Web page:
“Its hard to find people that actually WANT to mow their lawn.” A more true statement has never been made. [Kurt’s] project turns an old lawn mower into a remote control lawn mower.
The first step of this build is to replace the front drive wheels with mini-bike tires which have built-in gear tooth sprockets. The rear wheels were then replaced with large caster wheels. The 12-24V DC motors and gear boxes used come from National Power Chair. While we have seen more complicated RC lawn mowers before, this project is a great way to get started. All that [Kurt] wanted was to make lawn mowing more fun, we believe that he has succeeded. This thing is very mobile and can turn on a dime. Check out the demo video after the break.
What’s next? Add a GPS, a Raspberry Pi, and a few other odds and ends. Tie it together with some clever programming and you will have your own autonomous lawn mower. Have you already created a completely autonomous lawn mower? Let us know!
Continue reading “Remote Controlled Lawn Mower Lets you Sit Back and Enjoy The Show”
[Matt] lives in South Africa, where homes have smallish crawlspaces (some only 30cm high!) that he can’t quite squeeze himself into. Even if he could, he probably wouldn’t: they’re apparently vacation homes for the local rats. He did, however, want to explore these spaces to get a better idea what’s going on inside, so he built a Windows Phone-controlled car with a Netduino and 3D-printed parts.
Such a specialized application requires unique parts, so [Matt] designed and 3D-printed the wheels and frame from scratch. You’ve probably noticed that the wheels aren’t your typical cylinders. The terrain [Matt] faces is sand, so the spiked shape provides better grip. The body’s design required extra attention because it holds the motors, the Netduino, the motor driver, and the battery.
A Bluetooth module connects to the Netduino and allows [Matt] to drive the car with his Windows Phone, and an inexpensive 5V LED board provides some light for those dark corners. How does it see once inside the crawlspace? It looks like [Matt’s] getting to that part. His plan is to simply mount a second phone running Skype and watch the stream. Stick around after the break to see [Matt] use the car to both confuse and excite his dog.
Continue reading “3D Printed Netduino Remote Controlled Car”
In addition to being something fun to do with an oscilloscope, this could be a valuable time-saver for anyone looking to tap into the wired communications on a garage door opener. If you own an older model you might be scratching your head. But newer units have more than just one button operation, usually extending to at least two extra buttons that control the lights on the motor unit and lock out wireless control. A quick probing turned up the communication scheme used by the button unit mounted next to the door into the house.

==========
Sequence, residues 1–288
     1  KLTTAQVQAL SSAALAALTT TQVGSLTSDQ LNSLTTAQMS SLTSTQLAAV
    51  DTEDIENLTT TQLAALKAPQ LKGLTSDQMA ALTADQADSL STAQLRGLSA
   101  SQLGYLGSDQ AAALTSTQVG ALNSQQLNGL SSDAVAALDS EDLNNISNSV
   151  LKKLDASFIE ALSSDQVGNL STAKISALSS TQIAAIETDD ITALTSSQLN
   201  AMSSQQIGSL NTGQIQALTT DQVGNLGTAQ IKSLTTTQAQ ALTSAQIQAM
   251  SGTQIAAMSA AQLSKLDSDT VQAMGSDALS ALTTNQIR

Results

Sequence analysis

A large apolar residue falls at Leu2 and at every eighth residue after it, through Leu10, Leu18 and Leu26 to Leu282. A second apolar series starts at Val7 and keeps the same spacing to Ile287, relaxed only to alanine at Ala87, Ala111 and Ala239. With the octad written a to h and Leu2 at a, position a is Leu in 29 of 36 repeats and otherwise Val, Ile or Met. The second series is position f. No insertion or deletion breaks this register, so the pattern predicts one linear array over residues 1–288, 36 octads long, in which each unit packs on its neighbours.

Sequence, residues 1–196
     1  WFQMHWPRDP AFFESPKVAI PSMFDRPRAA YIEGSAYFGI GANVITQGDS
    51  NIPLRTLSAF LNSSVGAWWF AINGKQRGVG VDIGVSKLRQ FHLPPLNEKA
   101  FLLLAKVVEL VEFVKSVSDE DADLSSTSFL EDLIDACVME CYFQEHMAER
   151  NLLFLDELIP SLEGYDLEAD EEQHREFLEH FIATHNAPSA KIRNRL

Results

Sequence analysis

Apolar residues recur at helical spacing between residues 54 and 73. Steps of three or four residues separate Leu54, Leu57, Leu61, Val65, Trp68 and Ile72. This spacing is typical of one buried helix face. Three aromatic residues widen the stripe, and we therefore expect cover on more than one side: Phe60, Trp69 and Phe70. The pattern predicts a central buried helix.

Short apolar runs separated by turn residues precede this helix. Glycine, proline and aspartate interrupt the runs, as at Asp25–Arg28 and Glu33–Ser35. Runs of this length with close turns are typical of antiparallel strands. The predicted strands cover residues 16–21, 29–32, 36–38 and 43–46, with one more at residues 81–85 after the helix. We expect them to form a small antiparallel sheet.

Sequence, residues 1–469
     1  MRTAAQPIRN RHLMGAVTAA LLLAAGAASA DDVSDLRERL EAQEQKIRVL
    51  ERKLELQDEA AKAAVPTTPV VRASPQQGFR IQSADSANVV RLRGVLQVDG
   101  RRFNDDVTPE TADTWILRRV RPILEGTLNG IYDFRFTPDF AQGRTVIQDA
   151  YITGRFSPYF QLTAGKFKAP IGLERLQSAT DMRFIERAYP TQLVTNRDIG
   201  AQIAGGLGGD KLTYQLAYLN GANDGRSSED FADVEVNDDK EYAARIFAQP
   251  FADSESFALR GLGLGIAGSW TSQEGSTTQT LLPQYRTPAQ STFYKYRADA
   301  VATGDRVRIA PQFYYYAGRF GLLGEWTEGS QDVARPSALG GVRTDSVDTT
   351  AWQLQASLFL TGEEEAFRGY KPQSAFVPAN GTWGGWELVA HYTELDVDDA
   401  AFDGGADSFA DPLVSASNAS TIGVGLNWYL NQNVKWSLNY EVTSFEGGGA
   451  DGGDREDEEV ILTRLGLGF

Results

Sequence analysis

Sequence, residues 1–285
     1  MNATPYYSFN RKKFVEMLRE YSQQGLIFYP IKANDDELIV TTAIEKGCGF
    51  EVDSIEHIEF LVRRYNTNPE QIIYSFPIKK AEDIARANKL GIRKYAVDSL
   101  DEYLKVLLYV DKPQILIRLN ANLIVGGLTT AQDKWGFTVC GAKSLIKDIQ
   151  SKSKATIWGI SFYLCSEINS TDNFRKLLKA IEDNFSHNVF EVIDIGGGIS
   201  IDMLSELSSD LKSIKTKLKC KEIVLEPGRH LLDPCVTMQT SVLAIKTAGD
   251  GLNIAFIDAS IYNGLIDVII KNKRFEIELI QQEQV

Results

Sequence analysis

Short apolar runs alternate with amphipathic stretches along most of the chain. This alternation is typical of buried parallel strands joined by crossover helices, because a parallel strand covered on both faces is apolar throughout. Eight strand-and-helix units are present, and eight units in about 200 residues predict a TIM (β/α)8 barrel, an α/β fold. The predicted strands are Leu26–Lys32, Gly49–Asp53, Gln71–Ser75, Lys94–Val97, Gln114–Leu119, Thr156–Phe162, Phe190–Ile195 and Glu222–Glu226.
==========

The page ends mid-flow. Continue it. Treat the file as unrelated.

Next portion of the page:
We’ve patched into our own garage door using a simple relay to interface with a microcontroller which will still work for opening and closing the door But if you’re looking for extended control you need to spoof one of the timing signals detailed in this post. We like the stated examples for future hacks: building a better wired button unit, or adding some type of RFID integration. We could see this approach for hacking in motion light control for door openers that don’t have it.
[Mikko] is in to flying F3B racers – remote control airplanes with a three meter wingspan. These races require the pilot to know how much time he has left, and when flying a remote controlled airplane to the edges of visual contact, it’s just not possible to look down and check a stopwatch.
To solve this problem, [Mikko] created a talking F3B timer to announce the flight time and how much time is left in 30 second increments. It’s based on a WTV020 audio module that plays audio from an SD card. Right now it’s just in the prototype phase, but he does have some code and documentation online.
As for the easter egg, [Mikko] programmed his timer so that if the flight lasts exactly 33 seconds (with millisecond resolution), the Hackaday URL is displayed on the Nokia LCD. We’re betting a flight time of 33 seconds would be highly correlated with a horrible malfunction and the loss of a thousand dollar airframe, so we’re more than happy to cheer [Mikko] up if he eventually sees this easter egg in the field.
Video of the talking timer speaking Finnish below, and a video showing off what these huge sailplanes can do right here.
This is an entry in the Fubarino Contest for a chance at one of the 20 Fubarino SD boards which Microchip has put up as prizes!
Continue reading “Fubarino Contest: Hackaday Tells You You’re A Terrible Pilot”